• Referring now to FIG. 17, a database table structure 400 illustrating the interrelation between each of the above Tables 20-25 is shown. The bid items 230 are shown organized into bid sections and bid categories for convenience and logical business information processing segmentation when creating the bid templates 240. Thus, the buyer user is presented with bid sections 250, from which the buyer user can select a bid category 255 to display the bid items 230 associated with that bid category 255. Breaking the bid items 230 down into bid categories 255 and bid sections 250 fosters a compartmentalized format that is easily understood by the buyer user, thereby enabling a more efficient and effective bid template creation process.
  • The table tblRFXBidSections 401, which has the form of Table 20 above, includes the bid section name and identification of each section 250 of bid items 230, along with an indication of the display order for each bid section 250 on a web page and any comments to be included with the bid section 250 on the web page. Each bid section 250 can be stored as a separate record in table tblRFXBidSections 401, with each record having the form of Table 20. Within each bid section 250 are one or more bid categories 255. The table tblRFXBidCategories 402, which has the form of Table 21 above, includes the category name, the identification number of each bid category 255 and the associated bid section 250 for each bid category 255. In addition, the table tblRFxBidCategories 402 further includes the display order for each bid category 255 on a web page and any comments to be included with the bid category 255 on the web page. Each bid category 255 can be stored as a separate record in table tblRFXBidCategories 402, with each record having the form of Table 21.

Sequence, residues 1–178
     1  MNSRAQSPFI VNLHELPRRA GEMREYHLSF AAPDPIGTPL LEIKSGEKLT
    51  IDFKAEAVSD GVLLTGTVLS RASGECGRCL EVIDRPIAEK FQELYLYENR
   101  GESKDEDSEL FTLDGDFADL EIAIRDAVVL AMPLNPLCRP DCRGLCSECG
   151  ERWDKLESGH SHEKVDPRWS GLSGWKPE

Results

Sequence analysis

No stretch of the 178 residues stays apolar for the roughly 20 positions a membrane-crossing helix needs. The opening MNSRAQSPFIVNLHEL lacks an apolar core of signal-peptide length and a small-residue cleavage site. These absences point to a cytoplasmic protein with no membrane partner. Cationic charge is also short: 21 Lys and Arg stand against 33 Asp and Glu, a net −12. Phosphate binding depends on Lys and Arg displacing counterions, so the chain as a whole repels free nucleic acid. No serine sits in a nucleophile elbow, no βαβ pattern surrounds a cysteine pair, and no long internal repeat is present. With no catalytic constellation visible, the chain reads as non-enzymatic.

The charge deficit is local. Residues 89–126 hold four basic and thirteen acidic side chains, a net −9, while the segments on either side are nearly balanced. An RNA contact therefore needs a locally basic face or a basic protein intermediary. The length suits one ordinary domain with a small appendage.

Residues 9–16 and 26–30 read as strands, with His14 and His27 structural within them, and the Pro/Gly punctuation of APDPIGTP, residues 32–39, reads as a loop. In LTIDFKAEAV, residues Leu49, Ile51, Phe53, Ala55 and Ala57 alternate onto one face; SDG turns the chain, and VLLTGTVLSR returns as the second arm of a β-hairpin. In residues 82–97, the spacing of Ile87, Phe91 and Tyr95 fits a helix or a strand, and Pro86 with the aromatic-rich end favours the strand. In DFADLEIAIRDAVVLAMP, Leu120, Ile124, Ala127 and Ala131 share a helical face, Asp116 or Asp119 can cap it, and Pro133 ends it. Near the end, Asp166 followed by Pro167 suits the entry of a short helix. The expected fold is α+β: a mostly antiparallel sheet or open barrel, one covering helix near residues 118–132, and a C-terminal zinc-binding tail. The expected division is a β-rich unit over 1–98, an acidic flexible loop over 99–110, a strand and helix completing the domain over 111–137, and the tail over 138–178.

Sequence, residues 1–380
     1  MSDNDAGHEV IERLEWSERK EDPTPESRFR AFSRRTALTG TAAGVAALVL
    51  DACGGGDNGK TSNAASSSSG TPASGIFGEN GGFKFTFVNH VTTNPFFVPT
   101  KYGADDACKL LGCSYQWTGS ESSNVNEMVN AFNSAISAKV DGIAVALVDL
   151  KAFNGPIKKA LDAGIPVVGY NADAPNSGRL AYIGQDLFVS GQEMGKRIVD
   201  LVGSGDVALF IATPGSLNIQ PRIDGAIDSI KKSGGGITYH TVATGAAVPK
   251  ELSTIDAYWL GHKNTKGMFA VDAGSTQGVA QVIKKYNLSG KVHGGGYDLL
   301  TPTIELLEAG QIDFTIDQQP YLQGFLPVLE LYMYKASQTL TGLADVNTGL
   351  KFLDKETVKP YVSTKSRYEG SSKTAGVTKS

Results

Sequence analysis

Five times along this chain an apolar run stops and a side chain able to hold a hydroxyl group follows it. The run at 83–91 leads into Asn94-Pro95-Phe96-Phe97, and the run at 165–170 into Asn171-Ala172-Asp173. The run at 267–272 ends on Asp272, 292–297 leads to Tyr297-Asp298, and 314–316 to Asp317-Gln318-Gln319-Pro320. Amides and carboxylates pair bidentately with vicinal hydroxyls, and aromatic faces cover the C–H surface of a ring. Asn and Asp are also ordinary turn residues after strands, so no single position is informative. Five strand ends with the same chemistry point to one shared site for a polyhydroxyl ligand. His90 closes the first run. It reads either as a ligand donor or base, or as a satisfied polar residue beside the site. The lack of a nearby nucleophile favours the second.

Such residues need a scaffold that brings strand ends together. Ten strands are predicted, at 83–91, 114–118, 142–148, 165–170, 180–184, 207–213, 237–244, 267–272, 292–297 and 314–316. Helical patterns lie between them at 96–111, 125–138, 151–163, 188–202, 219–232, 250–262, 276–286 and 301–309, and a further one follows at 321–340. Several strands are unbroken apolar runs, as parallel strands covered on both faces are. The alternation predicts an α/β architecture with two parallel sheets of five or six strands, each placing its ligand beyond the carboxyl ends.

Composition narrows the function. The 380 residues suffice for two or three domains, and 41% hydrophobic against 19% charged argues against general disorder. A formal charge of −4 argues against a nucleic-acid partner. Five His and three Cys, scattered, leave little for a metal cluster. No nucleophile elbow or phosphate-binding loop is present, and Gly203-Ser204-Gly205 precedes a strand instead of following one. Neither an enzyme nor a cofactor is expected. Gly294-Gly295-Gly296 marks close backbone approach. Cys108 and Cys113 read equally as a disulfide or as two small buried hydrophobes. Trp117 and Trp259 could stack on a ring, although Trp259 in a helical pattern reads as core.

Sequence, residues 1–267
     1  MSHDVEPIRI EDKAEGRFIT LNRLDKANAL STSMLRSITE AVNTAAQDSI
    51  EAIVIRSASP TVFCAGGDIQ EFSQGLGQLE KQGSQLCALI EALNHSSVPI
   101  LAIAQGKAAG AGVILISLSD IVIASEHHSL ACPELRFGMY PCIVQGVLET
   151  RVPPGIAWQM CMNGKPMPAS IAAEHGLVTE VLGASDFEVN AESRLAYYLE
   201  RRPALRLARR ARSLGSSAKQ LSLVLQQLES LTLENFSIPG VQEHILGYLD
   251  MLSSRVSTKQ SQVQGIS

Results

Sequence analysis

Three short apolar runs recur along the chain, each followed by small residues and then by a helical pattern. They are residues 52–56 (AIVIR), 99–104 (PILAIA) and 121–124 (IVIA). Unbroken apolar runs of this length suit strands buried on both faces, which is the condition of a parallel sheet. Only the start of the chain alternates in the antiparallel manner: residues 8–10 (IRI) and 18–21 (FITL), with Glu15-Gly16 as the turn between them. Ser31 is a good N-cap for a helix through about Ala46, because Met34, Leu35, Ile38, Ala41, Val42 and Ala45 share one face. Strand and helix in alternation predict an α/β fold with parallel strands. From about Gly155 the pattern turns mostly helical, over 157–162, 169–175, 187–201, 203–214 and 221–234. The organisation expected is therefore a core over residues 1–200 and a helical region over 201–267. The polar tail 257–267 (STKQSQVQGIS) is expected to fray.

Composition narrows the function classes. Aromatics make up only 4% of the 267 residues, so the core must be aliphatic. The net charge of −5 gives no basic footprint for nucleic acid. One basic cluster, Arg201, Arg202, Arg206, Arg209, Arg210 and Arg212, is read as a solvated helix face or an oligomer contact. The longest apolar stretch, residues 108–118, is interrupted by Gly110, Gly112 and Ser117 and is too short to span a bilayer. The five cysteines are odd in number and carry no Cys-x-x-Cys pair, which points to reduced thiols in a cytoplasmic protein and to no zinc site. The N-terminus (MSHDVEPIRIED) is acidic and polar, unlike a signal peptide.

• Each bid category 255 further includes one or more bid items 230 associated with the bid category 255. Therefore, the table tblRFXBidItems 403, which has the form of Table 22 above, includes the bid item name and identification number, along with the bid category 255 associated with the bid item 230. A separate record for each bid item 230 can be stored in table tblRFXBidItems 403, with each record having the form of Table 22 above. The table tblRFXBidItems 403 further includes additional information pertaining to the bid item 230, such as whether or not disablement of the bid item 230 is allowed, whether the bid item 230 is displayed to the vendor, whether the bid item 230 requires a vendor response, the type of data entered by the buyer for the bid item 230, the field length for the data entered by the buyer for the bid item 230, the type of data entered by the vendor for the bid item 230 and the field length for the data entered by the vendor for the bid item 230. For example, the following Table 26 illustrates sample bid items 230 in the table tblRFXBidItem 403 making up a bid item list 194, as shown in FIG. 15.